Model Role Details

Mahmoud Darwish

Mahmoud Darwish

Sector : Cultural Figures , Poets

Personal Info

  • Country of residence : Palestine
  • Gender : Male
  • Born in : 1942
  • Age : 74
  • Curriculum vitae :

Information

Mahmoud Darwish (13 March 1942 – 9 August 2008) was a Palestinian poet and author who won numerous awards for his literary output and was regarded as the Palestinian national poet. In his work, Palestine became a metaphor for the loss of Eden, birth and resurrection, and the anguish of dispossession and exile. He has been described as incarnating and reflecting "the tradition of the political poet in Islam, the man of action whose action is poetry".

Mahmoud Darwish was born in the village of al-Birwa in the Western Galilee. He was the second child of Salim and Houreyyah Darwish. His family were landowners. His mother was illiterate, but his grandfather taught him to read. After Israeli forces assaulted his village of al-Birwa in June 1948 the family fled to Lebanon, first to Jezzin and then Damour. The village was then razed and destroyed by the Israeli army to prevent its inhabitants from returning to their homes inside the new Jewish state. A year later, Darwish's family returned to the Acre area, which was now part of Israel, and settled in Deir al-Asad. Darwish attended high school in Kafr Yasif, two kilometers north of Jadeidi. He eventually moved to Haifa.

He published his first book of poetry, Asafir bila ajniha or "Wingless Birds", at the age of 19. He initially published his poems in Al Jadid, the literary periodical of the Israeli Communist Party, eventually becoming its editor. Later, he was assistant editor of Al Fajr, a literary periodical published by the Israeli Workers Party (Mapam).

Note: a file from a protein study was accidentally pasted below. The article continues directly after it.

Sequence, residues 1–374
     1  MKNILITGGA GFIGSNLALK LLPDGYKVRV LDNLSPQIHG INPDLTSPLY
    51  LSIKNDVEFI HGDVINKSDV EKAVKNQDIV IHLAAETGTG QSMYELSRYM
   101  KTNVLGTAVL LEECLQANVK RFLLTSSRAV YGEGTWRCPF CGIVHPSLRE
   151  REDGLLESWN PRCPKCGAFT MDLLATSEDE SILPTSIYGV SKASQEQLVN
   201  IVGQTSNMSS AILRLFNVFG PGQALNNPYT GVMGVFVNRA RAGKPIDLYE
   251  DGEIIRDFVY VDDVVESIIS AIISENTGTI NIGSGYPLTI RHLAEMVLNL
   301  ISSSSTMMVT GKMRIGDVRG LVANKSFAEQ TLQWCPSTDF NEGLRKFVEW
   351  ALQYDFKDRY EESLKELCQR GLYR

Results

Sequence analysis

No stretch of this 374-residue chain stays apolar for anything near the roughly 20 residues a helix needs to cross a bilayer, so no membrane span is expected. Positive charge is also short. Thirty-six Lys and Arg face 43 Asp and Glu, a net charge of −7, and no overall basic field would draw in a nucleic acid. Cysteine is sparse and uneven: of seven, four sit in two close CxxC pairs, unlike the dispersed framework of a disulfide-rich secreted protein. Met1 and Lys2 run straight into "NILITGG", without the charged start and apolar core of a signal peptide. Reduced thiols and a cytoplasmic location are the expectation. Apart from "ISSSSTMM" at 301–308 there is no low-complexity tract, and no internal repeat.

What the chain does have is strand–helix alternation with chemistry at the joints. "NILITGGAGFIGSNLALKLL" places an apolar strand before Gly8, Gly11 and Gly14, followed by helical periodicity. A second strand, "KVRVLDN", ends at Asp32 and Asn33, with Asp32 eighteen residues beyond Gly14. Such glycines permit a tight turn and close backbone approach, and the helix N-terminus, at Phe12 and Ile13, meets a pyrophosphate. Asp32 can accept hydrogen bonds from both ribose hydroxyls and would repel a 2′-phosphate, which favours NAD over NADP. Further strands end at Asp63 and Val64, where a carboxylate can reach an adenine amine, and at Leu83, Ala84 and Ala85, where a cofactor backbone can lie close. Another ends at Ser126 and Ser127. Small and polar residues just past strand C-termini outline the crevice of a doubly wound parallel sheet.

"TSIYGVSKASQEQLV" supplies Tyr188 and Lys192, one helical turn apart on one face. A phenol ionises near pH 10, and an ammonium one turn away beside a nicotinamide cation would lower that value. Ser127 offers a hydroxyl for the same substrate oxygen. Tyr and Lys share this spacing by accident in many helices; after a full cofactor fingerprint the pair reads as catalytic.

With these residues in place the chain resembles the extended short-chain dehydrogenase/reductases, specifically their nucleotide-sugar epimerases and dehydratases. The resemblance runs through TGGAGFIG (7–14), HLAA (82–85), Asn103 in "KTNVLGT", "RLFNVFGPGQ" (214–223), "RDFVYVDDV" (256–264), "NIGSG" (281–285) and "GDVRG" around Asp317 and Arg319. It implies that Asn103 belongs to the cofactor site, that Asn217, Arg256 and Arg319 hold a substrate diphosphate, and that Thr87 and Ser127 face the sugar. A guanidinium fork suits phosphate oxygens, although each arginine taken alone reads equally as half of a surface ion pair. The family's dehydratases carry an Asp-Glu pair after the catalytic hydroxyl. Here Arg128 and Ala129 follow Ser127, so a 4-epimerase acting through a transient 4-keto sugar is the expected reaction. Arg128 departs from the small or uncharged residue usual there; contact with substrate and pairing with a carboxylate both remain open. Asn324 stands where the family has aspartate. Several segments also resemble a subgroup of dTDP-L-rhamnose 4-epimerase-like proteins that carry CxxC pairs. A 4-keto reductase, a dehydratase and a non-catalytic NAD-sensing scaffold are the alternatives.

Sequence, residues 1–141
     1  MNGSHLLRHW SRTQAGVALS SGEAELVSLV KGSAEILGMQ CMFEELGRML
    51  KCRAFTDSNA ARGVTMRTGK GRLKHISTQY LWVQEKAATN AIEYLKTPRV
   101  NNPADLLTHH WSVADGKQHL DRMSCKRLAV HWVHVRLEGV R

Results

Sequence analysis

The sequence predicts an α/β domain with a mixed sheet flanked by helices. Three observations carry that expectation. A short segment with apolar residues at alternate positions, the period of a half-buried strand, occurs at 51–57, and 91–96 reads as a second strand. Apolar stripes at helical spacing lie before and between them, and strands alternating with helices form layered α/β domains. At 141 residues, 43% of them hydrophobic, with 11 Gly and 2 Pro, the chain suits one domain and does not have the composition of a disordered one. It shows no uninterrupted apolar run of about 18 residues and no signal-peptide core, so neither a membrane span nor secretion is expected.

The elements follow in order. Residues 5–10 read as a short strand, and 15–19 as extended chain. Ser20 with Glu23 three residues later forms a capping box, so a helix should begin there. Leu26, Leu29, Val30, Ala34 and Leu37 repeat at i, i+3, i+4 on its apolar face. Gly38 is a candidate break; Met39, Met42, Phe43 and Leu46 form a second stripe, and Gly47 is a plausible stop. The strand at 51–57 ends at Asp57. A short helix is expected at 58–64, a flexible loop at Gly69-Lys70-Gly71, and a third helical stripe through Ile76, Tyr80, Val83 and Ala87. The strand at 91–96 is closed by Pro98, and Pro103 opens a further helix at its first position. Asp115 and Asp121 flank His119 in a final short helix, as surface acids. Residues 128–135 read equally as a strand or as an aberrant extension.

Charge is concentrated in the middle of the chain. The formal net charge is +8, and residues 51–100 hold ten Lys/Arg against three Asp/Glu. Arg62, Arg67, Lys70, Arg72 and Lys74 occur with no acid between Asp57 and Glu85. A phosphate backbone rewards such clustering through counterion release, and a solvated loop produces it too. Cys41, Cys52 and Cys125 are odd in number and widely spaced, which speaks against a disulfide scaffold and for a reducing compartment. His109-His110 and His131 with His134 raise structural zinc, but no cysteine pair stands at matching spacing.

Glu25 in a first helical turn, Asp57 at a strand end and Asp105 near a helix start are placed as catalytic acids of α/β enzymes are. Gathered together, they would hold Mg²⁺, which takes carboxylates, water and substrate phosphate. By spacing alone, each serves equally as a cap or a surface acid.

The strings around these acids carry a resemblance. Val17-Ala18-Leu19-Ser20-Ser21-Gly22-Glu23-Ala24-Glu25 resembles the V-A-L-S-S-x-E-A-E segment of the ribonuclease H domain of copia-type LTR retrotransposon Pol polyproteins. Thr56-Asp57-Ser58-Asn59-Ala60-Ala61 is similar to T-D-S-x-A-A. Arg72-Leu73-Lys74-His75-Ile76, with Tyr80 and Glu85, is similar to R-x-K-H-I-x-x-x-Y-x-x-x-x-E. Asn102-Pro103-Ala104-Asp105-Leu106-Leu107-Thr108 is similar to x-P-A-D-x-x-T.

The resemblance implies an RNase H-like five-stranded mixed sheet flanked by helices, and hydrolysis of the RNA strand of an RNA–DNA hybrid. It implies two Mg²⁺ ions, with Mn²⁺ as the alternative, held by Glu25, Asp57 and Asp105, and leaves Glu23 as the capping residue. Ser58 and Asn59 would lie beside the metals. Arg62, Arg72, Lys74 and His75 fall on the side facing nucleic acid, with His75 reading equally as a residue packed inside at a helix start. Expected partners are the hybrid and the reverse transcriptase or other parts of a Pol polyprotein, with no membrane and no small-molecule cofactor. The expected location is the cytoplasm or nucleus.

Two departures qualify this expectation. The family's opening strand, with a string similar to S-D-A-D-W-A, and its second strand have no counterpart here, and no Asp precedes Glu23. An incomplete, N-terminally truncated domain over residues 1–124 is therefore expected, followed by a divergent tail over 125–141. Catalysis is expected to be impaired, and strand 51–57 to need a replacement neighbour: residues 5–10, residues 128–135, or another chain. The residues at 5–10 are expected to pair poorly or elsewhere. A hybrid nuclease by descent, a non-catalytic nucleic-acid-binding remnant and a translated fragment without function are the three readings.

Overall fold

Darwish was twice married and divorced. His first wife was the writer Rana Kabbani. In the mid-1980s, he married an Egyptian translator, Hayat Heeni. He had no children. The "Rita" of Darwish's poems was a Jewish woman that he was in love with when he was living in Haifa. The relationship was the subject of the film "Write Down, I Am an Arab" by the filmmaker Ibtisam Mara'ana Menuhin, an Arab Muslim woman who is married to a Jewish man. While such relationships are rare today, they were more common during the Mandate period, and among communists, who were united by class struggle.

Darwish had a history of heart disease, suffering a heart attack in 1984, followed by two heart operations, in 1984 and 1998. Darwish's early writings are in the classical Arabic style. He wrote monorhymed poems adhering to the metrics of traditional Arabic poetry. In the 1970s he began to stray from these precepts and adopted a "free-verse" technique that did not abide strictly by classical poetic norms. The quasi-Romantic diction of his early works gave way to a more personal, flexible language, and the slogans and declarative language that characterized his early poetry were replaced by indirect and ostensibly apolitical statements, although politics was never far away.

Mahmoud Darwish died on 9 August 2008 at the age of 66, three days after heart surgery at Memorial Hermann Hospital in Houston, Texas. 


Source

Achievements and Awards

  • Marital status :
  • City :
  • Status :
  • Years in active : From To